"Me and Orson Welles" is an agreeable, reasonably convincing imagining of the circumstances surrounding Welles' legendary staging of "Julius Caesar."
An extraordinary impersonation of the American theatrical boy wonder by the young English actor Christian McKay is the indisputable highlight of “Me and Orson Welles,” an agreeable, reasonably convincing imagining of the circumstances surrounding Welles’ legendary staging of “Julius Caesar.” Another let’s-put-on-a-show venture for Zac Efron, albeit of a rather more sophisticated variety, this British-produced period piece will test how much the “High School Musical” star means as a movie name. Richard Linklater’s amiable entertainment will likely score OK numbers theatrically, with a nice ancillary life awaiting.
Script by longtime Linklater associates Holly Gent Palmo and Vince Palmo closely adheres to the contours of Robert Kaplow’s novel, which drops a fictional, theater-crazed 17-year-old into the final week of rehearsals of Welles’ vaunted 1937 modern-dress version of Shakespeare’s play. Aside from the kid, Kaplow’s work was a thoroughly researched account that provided a plausible feel for what it might have been like during those final crazy days before the opening.
Linklater absolutely honors that fidelity to theater history, involving such affiliated figures as John Houseman, Joseph Cotten and Norman Lloyd in the drama and creating a credible look for scenes from the Mercury Theater’s “Caesar” production itself, no small accomplishment.
The perspective on these momentous days in theater lore is provided by Richard Samuels (Efron), a high school student who, after a chance sidewalk encounter, is asked by Welles to play the small role of Lucius. Ambitious can-do assistant Sonja (Claire Danes) warms to Richard quickly, while Welles sweeps him into his orbit by taking him, by speeding ambulance, to one of his day jobs, where he dazzles all by improvising during a live-theater broadcast.
It’s a heady world Richard has landed in. At a mere 22, Welles had just recently served notice of his brilliance with his all-black production of “Macbeth” in Harlem, and he and Houseman (Eddie Marsan), with whom he bickers here constantly, are intent on making theatrical history with the Mercury show. Early on, Richard is warned never to criticize the boss, and told he’ll have to tolerate lots of bad behavior in exchange for the the privilege of basking in genius.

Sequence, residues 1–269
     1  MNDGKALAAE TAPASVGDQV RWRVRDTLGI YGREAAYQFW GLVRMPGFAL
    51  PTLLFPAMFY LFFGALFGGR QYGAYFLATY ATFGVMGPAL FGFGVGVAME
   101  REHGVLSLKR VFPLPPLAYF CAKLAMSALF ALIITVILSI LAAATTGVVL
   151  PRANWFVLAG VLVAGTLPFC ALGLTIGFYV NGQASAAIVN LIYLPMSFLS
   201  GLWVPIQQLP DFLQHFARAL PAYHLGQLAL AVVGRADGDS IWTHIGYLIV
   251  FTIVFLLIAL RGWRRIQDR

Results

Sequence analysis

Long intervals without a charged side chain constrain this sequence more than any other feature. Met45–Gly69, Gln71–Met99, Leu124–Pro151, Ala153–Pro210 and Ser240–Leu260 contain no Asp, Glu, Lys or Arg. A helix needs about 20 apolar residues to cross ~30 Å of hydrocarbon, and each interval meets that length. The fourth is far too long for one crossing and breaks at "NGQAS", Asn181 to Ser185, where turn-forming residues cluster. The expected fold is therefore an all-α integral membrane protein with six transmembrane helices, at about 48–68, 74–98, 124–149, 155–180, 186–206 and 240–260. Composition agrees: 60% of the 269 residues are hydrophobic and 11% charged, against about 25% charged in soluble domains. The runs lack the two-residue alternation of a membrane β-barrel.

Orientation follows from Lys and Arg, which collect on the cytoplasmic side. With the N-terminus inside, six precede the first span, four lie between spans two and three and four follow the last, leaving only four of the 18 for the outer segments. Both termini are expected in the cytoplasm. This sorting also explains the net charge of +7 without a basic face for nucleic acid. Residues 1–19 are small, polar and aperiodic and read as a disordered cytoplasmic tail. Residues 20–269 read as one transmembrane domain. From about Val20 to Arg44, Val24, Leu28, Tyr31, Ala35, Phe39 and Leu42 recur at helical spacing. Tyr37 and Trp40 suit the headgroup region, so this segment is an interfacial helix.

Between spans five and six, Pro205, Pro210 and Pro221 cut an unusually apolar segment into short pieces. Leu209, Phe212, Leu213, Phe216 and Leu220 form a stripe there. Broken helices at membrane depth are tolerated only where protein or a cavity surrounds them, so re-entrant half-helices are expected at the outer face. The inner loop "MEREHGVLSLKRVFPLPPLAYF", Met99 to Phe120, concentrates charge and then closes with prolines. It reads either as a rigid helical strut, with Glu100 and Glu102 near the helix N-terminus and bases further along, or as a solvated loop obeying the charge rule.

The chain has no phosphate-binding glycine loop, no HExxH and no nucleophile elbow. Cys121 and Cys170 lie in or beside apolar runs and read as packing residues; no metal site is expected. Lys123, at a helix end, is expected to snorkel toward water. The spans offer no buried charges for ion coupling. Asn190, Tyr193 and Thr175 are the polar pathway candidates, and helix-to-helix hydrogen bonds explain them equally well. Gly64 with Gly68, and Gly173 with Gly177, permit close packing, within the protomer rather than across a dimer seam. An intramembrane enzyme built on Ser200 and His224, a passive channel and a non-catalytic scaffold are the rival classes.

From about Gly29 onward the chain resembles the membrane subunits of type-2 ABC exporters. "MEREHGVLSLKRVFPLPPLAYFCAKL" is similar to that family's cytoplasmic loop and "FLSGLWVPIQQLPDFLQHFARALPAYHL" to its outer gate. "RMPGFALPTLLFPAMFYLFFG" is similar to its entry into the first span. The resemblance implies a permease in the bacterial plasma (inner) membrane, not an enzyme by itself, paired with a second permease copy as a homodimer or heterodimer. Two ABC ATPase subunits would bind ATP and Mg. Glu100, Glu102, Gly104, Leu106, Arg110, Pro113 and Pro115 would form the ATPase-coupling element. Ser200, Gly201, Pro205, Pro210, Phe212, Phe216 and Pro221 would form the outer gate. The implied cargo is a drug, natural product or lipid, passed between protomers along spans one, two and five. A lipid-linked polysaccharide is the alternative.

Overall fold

The somewhat unlikely personal plot has Richard becoming involved with older woman Sonja, the “ice queen” who’s the object of unrequited lust for every man in the company, including ladies’ man Cotten (James Tupper), then exploding when he feels betrayed by Welles. But the immature boy inevitably takes a back seat to Welles himself, especially when he’s represented as uncannily as he is by McKay.
McKay, who previously portrayed the big man in the stage piece “Rosebud: The Lives of Orson Welles,” has very much the right look for Welles at that time. More crucially, he can reproduce the sonorous vocal timbre. Best of all, he precisely catches Welles’ humor, with arched eyebrow, ironic sense of amusement and mocking self-modesty.
This Welles permits just one fleeting glimpse of his inner self, when he shows Richard his marked-up copy of “The Magnificent Ambersons.” Otherwise, he consists of one part intimidating bluster, two parts seductive charm and three parts talent, and there are moments, especially when Welles is alternating between acting as Brutus and directing everyone else, that it’s possible to forget you’re watching an actor and really believe you’re beholding Orson Welles at work. At one point it seemed, on the basis of five minutes in “Ed Wood,” that the only actor who could convincingly portray Welles was Vincent D’Onofrio. Now McKay’s got the job whenever there’s call for it.
Shot in the unlikely setting of the Isle of Man, notably in its restored Gaiety Theater, which fills in beautifully, and London, pic does a reasonable job of repping Depression-era Gotham on a budget. But the film, and the comic moments in particular, could have used more snap, some real New York energy. There’s too much spare time for dates and private encounters during the mad run-up to opening night; the novel’s frantic, sweaty-palms sense of nerves is lacking here.
Although he’s adequate, Efron never feels like a proper fit for Richard. The handsome thesp is too self-possessed and sure of himself for a teenage interloper in the big time; he lacks uncertainty and self-doubt. Danes is energetic and engaging as a smart woman most attuned to self-interest. Marsan as Houseman, Leo Bill as Lloyd, Tupper as Cotten and Ben Chaplin as the self-important, eternally pessimistic actor George Coulouris all have their moments.
Production and costume design help bring the period of 70 years ago to life. Richard Pope’s widescreen lensing is well composed, but images looked weak, as if from too dim a projector bulb, in the digital presentation caught at the first Toronto fest public showing. End credits were incomplete, so final running time will be two or three minutes longer than the posted 109 minutes.